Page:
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The Glory of the Literary World

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by Sangharakshita

Lecture 165: The Glory of the Literary World - Edited Version

IT HAS BEEN SAID THAT THE RENAISSANCE that would be brought about by the discovery, in the nineteenth century, of the treasures of oriental literature, would be incomparably more glorious than that which had been ushered in during the fifteenth and sixteenth centuries by the recovery of the classics of Greece and Rome. Whether that prediction will be fulfilled it is difficult for us, in the middle of the penultimate decade of the twentieth century, to be sure, but we can at least be sure that there is a possibility of its being fulfilled. The treasures of oriental literature have indeed been discovered, that is, discovered by the peoples of the West, and have proved to be even richer than was originally supposed. Not only have they been discovered, but many of them have been made more generally available by being translated into the major occidental languages, especially English. Thus today, less than two hundred years after the discovery of those same treasures, we find that hundreds of thousands - perhaps millions - of people in Europe and the Americas are able to read, in their own tongue, some of the greatest works of Sanskrit, Pali, Chinese, Japanese, Tibetan, and Persian literature. What people read cannot but affect them, and what affects hundreds of thousands - perhaps millions - of people cannot but affect the civilization and culture to which they belong, at least in course of time. We may therefore say that the second, more glorious renaissance that, it was predicted, would be brought about by the discovery of the treasures of oriental literature, has in a sense already begun, even though it has begun on a very small scale, and to a very limited extent, and though we cannot be sure whether the process will ever be completed.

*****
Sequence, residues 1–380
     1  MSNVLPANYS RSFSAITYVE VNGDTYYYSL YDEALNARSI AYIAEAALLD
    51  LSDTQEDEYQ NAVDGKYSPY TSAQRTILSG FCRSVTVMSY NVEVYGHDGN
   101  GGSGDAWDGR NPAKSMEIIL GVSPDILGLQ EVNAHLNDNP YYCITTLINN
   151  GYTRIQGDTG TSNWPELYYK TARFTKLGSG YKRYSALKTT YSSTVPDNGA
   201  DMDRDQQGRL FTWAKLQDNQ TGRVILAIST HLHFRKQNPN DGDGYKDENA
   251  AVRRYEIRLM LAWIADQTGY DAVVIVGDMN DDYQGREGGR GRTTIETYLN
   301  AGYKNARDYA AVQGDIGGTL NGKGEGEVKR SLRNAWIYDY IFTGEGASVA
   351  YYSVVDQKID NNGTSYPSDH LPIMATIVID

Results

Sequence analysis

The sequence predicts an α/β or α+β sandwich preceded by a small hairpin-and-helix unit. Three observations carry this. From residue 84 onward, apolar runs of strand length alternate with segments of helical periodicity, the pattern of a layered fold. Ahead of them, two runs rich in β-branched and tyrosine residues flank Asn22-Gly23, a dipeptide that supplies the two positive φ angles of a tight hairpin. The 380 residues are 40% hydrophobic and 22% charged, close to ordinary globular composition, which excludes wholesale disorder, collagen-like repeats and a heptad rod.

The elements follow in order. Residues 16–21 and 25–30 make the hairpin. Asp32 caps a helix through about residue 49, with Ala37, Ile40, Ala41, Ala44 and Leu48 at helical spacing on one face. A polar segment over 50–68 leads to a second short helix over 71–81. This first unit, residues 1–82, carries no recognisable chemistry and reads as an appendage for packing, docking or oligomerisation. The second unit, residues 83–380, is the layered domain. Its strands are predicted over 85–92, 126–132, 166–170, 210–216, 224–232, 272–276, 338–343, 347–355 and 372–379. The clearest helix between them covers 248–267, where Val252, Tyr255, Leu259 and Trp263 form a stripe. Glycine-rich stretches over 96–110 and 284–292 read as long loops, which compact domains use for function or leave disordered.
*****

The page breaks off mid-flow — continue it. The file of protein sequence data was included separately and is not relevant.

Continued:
There are, of course, differences between the two renaissances. The first was ushered in by the recovery of the classics of Greece and Rome, whereas the second hopefully is being brought about by the discovery of the classics of India, China, Japan, Tibet, and Persia. Moreover, in the case of the first renaissance the Greek and Roman classics were in most instances recovered from the hands of a people (i.e. the Byzantine Greeks) whose religion - and culture too, to a great extent - was quite different from that of the authors of those classics, whereas in the case of the second renaissance the treasures of oriental literature have in almost all instances been discovered among people whose spiritual outlook was broadly identical with that of the ancient poets and sages by whom that literature had been produced. This latter circumstance has meant that the discovery of the treasures of oriental literature has been associated with the discovery of those who were, so to speak, the natural heirs to those treasures and who were therefore in a position to help us appreciate their value and significance. When the Italian humanists recovered the Dialogues of Plato, for example, they did not recover any living Platonists along with them; but when British orientalists discovered the Bhagavad Gita they at the same time discovered many learned and pious Hindus who had studied and practised its teachings. In other words, whereas the humanists recovered books the orientalists discovered both books and men, that is, men who were the living representatives of the tradition to which the books belonged. Another difference between the two renaissances is that the actual number of Sanskrit, Pali, Chinese, Japanese, Tibetan, and Persian classics discovered in the course of the last two hundred years far exceeds the number of Greek and Roman classics recovered during the fourteenth, fifteenth, and sixteenth centuries.